Something that is faustian
refers to a wider interpretation of the events of Faust
by Johann Wolfgang von Goethe
. In part one of Goethe's Faust
, the central character's pact with the devil allows him to have energy, life and youth unless he becomes so entranced by the passing moment that he wishes that things will never change. When Faust stumbles unthinkingly into that wish, his world and his life are forfeit to Mephistopheles
Faustian may be:
- A work of fiction, or a fictional character, may be cited as being "Faustian" if it involves a literal or proverbial "deal with the devil", such as that portrayed in the story of Faust. Such dealings are often referred to as "Faustian deals", and as such there is usually short term gain (e.g. fame, fortune, knowledge) for long term pain (i.e. the person's soul).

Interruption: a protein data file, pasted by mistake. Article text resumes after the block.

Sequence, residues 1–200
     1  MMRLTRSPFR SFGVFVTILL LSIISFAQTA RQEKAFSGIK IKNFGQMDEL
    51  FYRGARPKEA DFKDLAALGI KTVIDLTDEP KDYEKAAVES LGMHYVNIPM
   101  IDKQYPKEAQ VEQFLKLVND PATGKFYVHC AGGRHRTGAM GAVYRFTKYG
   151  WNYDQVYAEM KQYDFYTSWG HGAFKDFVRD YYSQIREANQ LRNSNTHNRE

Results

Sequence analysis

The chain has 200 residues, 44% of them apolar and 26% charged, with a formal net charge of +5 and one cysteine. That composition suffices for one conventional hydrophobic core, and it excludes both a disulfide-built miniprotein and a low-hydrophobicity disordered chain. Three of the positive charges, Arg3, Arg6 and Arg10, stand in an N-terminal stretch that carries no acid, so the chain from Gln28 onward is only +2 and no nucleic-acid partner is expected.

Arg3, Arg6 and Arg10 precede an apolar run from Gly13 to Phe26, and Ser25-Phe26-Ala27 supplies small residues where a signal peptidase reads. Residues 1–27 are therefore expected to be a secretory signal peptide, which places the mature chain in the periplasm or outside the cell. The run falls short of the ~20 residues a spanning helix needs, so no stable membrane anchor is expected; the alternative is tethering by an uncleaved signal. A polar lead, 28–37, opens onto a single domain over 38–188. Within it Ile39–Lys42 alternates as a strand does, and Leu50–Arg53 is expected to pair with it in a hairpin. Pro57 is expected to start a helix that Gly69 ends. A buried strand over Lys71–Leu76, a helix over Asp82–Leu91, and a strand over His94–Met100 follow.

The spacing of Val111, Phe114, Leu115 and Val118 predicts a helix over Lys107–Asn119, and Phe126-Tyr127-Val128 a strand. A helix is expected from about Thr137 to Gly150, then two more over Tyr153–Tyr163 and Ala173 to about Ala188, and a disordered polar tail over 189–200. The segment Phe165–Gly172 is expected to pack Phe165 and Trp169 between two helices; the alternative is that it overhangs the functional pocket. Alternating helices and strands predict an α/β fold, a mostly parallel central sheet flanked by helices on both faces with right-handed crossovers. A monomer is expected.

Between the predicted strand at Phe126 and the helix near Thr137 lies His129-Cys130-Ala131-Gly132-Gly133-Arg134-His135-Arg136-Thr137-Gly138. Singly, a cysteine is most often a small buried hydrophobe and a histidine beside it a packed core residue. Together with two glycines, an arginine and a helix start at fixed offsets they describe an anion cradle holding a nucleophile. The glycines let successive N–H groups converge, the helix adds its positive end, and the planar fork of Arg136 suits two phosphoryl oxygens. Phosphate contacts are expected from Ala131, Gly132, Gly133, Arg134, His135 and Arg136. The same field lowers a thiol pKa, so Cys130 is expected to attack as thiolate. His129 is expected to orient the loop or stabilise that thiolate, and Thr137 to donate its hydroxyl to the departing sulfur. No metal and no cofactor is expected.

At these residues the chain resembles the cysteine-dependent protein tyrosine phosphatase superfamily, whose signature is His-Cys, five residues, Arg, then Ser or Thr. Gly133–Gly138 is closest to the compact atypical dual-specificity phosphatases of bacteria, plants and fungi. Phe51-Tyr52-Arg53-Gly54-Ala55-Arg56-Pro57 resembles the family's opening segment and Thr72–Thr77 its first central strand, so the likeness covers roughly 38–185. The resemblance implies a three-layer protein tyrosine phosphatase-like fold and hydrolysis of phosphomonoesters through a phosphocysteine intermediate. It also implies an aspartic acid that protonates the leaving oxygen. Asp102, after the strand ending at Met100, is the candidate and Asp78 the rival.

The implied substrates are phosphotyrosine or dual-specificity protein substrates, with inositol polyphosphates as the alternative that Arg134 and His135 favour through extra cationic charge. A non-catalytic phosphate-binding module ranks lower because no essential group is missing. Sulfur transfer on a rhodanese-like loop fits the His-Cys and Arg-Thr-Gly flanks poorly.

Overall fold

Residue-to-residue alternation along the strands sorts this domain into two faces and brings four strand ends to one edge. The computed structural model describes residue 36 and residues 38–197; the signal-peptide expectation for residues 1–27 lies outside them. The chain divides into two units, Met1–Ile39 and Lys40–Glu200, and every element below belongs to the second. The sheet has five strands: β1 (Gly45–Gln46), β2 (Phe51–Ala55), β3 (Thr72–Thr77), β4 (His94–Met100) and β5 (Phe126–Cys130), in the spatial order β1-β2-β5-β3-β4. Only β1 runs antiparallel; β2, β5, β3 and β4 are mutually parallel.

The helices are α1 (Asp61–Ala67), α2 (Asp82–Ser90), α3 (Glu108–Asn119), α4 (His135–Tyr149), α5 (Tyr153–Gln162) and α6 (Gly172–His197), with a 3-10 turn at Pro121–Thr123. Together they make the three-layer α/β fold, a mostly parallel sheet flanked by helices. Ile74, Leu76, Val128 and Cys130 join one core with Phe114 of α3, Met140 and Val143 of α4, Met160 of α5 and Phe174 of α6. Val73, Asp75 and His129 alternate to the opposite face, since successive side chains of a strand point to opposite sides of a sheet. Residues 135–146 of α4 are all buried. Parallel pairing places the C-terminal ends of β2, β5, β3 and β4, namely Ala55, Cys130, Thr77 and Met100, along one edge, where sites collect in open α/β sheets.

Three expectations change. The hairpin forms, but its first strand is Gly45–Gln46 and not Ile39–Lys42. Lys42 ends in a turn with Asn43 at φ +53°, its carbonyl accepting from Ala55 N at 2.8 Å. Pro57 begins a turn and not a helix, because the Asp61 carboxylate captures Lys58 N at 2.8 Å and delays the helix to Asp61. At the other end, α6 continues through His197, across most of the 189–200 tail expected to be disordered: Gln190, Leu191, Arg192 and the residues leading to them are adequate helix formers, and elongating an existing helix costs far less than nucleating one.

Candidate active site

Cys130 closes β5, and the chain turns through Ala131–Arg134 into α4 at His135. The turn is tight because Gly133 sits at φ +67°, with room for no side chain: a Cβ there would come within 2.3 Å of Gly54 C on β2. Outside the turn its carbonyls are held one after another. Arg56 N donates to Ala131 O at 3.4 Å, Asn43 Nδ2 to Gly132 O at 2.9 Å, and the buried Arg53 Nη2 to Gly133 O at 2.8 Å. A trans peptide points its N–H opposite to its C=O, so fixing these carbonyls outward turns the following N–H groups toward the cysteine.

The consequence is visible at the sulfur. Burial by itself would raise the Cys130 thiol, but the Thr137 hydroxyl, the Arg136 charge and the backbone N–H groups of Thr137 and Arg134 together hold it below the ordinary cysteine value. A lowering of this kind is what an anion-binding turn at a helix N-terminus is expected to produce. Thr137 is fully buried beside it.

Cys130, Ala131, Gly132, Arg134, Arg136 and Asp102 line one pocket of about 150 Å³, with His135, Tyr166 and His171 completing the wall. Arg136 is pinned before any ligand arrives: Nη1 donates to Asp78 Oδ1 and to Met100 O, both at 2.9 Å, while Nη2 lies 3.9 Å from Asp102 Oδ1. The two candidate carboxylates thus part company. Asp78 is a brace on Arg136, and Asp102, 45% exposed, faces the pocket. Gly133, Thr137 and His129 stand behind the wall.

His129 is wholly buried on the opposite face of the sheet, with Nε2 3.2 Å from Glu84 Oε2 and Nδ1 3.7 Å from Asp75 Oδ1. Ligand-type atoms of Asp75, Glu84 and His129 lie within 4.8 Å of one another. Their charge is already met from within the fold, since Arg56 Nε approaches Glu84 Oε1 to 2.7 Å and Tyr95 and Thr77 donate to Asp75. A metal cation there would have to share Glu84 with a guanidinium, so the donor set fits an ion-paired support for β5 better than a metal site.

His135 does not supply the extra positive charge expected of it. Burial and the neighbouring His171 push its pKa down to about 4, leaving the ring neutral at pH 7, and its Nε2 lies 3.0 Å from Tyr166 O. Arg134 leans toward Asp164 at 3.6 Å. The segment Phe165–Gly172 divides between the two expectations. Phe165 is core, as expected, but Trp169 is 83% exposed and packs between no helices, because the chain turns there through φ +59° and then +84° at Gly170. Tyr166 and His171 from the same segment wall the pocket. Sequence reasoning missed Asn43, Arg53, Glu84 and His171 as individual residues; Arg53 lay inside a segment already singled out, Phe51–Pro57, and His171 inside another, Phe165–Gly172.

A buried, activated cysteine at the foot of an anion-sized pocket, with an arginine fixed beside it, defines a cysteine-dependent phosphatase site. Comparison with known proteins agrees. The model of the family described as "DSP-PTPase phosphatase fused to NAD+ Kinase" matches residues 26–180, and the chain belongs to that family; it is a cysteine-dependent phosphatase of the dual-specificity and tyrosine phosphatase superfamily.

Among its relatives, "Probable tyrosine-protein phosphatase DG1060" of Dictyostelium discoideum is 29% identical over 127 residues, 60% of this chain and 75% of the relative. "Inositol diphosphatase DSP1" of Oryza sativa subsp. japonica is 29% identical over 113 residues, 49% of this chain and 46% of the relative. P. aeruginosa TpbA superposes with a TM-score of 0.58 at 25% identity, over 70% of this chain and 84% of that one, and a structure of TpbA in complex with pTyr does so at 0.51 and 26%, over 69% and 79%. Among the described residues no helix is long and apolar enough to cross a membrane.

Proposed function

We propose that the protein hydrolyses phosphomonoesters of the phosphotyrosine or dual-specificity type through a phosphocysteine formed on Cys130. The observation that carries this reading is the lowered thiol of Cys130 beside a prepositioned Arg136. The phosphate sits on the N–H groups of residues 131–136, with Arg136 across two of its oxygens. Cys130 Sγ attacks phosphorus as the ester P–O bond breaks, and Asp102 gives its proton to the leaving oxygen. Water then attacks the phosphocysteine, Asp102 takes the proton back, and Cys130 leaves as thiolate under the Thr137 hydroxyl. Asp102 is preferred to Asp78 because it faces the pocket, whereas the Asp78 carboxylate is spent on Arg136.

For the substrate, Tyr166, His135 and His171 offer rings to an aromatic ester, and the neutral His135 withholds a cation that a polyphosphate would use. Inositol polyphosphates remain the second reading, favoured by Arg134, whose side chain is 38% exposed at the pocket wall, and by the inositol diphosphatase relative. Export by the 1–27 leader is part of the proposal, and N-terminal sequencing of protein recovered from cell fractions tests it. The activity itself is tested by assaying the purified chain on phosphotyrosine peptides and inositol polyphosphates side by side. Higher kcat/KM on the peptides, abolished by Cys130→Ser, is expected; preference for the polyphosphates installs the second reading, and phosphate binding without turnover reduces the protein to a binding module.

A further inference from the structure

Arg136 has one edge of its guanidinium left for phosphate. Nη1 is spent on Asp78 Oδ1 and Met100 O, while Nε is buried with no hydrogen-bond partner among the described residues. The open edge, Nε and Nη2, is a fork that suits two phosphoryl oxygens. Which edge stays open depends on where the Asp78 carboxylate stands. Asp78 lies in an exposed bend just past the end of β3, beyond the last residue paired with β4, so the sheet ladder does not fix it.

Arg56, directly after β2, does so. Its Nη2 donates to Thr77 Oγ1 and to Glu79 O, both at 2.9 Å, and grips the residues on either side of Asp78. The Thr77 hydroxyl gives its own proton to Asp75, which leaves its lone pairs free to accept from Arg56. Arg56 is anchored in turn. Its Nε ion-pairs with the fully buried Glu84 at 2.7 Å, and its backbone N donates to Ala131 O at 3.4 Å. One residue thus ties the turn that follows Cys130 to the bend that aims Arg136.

- In history, since Oswald Spengler's The Decline of the West the Faustian society is synonymous with the western world. The word is chosen since Spengler believed the entire western society follows a trajectory similar to that of Faust.
- In sociology, in the writings of Marshall Berman, Faustian refers to the short-time perspective of society in modernity. It also refers to Faust's desire in the second part of Goethe's Faust, especially act V, to defeat the forces of nature and create a mechanical heaven on earth by draining the seabed and using it for farming.
- In the role-playing game Demon: The Fallen, the Faustians are a faction of fallen angels. See Demon: The Fallen.
- It is also mentioned that Victor Frankenstein in the novel Frankenstein; or, The Modern Prometheus by Mary Shelley, is considered a Faustian character with his "deal with the devil" to gain strength and energy to pursue and kill his creation.